If you’re unemployed or underemployed—for example, you’re only working part-time—you may not be making as much money as you’d like. This situation can be especially stressful if you’ve been unexpectedly laid off. If you’re worried about cash flow, rest assured that there are many ways you can help make up for the loss of income. The below guide details how you can make some extra money if you’re unemployed or underemployed.
Identify the talents you can leverage for a side hustle
Understanding your strengths and weaknesses can help you identify a fitting side hustle. For example, if you speak a foreign language, you can teach it. Another example: If you have a great eye for detail and good organizational skills, interior design may be for you. You can find freelance interior design or decorating work if you set up your own business. Starting this type of business will require writing a business plan, picking a business structure, naming your company, and finding funding. Online guides can walk you through each step.
Research different gigs you can do
There are many types of side hustles you can pursue—and there’s an option to suit every preference and personality type. For example, if you want to work from home, you might try online tutoring. If you want to get out and about, you might try driving for Uber or Lyft. Time offers a list of possible side hustles to consider, from monetizing your property by starting an AirBnB to selling goods online.
Look for the type of gig you want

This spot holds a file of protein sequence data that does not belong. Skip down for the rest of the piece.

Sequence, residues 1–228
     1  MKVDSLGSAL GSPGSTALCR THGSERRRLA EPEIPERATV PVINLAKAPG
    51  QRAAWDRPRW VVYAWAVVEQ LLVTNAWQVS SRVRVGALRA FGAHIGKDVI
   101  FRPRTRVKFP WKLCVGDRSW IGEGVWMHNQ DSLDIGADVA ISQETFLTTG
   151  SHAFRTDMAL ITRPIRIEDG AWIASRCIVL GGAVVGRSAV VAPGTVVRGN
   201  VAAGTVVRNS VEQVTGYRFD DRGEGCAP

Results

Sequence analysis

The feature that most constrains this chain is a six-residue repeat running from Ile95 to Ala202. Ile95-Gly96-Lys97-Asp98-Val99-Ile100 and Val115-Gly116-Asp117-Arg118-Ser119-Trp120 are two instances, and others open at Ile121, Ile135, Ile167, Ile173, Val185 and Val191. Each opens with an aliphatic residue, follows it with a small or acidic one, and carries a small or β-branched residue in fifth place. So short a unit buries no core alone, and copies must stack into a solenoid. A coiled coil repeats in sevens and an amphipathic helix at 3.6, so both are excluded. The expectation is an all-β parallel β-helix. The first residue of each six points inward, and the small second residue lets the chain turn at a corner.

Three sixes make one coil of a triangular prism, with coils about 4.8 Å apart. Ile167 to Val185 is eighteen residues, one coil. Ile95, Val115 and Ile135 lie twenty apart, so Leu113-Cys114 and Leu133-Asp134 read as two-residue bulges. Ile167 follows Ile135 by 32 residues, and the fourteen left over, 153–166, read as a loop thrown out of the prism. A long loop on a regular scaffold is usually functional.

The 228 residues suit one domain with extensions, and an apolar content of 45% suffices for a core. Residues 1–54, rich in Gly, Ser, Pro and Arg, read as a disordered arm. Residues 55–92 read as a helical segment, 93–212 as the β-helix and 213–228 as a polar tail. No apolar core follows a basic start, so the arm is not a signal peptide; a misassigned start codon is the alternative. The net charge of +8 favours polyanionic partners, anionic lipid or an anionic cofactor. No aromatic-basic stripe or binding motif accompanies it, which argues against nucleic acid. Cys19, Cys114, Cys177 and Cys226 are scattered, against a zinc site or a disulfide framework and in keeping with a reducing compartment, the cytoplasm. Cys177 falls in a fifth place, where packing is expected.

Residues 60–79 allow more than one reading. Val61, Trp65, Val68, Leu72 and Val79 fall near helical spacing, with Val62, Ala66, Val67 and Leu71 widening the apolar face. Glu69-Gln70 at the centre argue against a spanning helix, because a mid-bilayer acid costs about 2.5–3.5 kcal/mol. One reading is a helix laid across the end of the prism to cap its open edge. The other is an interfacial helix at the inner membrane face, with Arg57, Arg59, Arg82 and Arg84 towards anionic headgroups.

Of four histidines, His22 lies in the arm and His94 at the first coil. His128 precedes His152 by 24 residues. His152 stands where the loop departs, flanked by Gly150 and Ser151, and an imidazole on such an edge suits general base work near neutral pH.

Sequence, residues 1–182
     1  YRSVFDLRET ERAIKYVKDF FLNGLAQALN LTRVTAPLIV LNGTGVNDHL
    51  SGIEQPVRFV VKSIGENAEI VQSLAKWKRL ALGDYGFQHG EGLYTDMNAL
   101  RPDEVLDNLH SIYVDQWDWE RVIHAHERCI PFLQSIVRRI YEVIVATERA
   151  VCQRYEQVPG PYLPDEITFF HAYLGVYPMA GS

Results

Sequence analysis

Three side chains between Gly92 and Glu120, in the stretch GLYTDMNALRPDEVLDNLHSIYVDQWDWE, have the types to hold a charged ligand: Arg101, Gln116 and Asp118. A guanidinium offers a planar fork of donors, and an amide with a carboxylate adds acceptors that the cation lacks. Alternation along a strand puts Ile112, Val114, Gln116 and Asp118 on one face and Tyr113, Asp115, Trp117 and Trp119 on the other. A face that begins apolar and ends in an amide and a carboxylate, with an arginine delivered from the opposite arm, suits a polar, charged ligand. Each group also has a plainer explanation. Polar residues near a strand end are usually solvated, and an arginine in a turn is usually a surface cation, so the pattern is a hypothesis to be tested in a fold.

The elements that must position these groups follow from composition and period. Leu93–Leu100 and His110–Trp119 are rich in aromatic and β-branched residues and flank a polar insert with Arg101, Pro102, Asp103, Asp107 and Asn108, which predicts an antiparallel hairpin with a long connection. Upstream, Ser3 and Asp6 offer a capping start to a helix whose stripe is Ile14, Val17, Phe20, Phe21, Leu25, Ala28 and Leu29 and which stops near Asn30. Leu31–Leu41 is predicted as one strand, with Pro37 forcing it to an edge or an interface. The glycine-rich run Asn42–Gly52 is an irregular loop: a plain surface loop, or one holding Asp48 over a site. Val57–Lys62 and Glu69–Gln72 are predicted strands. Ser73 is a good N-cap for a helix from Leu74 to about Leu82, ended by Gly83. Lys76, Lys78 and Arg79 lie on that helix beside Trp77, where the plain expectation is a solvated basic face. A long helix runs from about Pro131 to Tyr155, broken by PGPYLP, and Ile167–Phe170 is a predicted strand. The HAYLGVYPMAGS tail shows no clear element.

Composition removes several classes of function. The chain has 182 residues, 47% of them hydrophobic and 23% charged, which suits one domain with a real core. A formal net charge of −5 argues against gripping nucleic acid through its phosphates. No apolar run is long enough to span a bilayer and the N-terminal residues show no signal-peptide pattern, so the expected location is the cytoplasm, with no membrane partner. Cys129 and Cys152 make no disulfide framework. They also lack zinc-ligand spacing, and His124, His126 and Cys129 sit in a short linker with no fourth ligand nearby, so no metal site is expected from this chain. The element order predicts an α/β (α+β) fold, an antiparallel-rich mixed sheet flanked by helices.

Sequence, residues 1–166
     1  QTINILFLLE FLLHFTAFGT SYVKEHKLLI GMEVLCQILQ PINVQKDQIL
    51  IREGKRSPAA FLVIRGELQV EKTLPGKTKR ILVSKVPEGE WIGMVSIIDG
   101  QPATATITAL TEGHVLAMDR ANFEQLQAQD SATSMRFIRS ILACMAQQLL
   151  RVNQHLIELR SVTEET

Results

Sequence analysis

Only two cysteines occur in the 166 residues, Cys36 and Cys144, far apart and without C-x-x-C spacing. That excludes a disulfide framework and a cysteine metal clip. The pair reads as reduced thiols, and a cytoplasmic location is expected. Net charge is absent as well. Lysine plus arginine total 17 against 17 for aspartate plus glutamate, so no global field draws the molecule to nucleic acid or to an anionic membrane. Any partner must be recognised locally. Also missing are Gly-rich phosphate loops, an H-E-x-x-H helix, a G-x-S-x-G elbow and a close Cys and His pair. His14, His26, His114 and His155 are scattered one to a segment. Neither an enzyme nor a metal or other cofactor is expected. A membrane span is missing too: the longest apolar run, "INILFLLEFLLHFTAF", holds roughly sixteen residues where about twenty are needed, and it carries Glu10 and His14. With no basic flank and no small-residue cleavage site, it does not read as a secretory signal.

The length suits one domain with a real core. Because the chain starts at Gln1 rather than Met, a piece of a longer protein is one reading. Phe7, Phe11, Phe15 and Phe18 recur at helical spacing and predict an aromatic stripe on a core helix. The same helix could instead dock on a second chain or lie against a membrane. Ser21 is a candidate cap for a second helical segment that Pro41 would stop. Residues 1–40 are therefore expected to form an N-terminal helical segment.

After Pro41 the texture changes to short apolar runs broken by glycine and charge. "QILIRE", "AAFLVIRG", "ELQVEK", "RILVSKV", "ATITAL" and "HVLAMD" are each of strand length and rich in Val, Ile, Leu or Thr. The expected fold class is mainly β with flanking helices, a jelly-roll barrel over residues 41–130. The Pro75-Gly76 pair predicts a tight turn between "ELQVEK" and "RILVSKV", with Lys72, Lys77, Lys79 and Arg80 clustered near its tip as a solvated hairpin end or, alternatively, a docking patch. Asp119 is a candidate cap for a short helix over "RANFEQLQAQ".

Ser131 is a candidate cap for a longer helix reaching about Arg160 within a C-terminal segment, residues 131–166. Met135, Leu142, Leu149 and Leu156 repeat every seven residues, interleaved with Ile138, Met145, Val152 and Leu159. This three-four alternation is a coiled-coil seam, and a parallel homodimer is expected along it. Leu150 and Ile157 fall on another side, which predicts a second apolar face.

Once you know what side hustle is right for you, figure out how you’re going to land the job. In some cases, you may want to start your own business. The next section provides more details on that process. In other cases, you simply might want to look for a part-time or contract job with another company. You can use job search engines like Indeed to search via keywords, adjusting details like what type of contract you want, location, and more.
Consider starting your own business
You don’t have to work for someone else. You can become your own boss if you start your own business. Before you set up shop, research the guidelines for business formation in your state. You may also want to consider registering your business in another state—for example, one with better tax benefits. There are many resources to help you on your entrepreneurial journey, such as the U.S. Small Business Administration.
Get creative about marketing yourself
Whether you’re trying to land an employed role or starting your own business, marketing is essential. You want to present yourself in a way that makes potential employers or clients take notice. Start by creating a website that highlights your credentials, experience, and product and service offering. There are many marketing ideas you can try, from running competitions to attending networking events.
Expand your options with additional credentials
If you’re struggling to find a way to earn extra money that excites you, consider pursuing additional education. For example, say you want to become an interior designer. There are online courses you can take to fine tune your skills and make yourself more marketable. When looking at online courses, make sure they’re accredited. The benefit of distance learning is that you can study when and where you want.
Money worries can be stressful. One way to improve your financial situation is to earn more cash, for example, through a side hustle. From interior decorating to starting your own business, there are many options to consider.
For more content like this, check out the Millennial Going Down blog.
About the Author: Nicola Reid is an entrepreneur and small business owner. She created Business4Today to provide access to the resources members of marginalized groups need to turn their entrepreneurial dreams into reality. Through her site, she hopes to support the growing number of people of color, women, and members of the LGBTQ+ community who are taking the leap into small business ownership.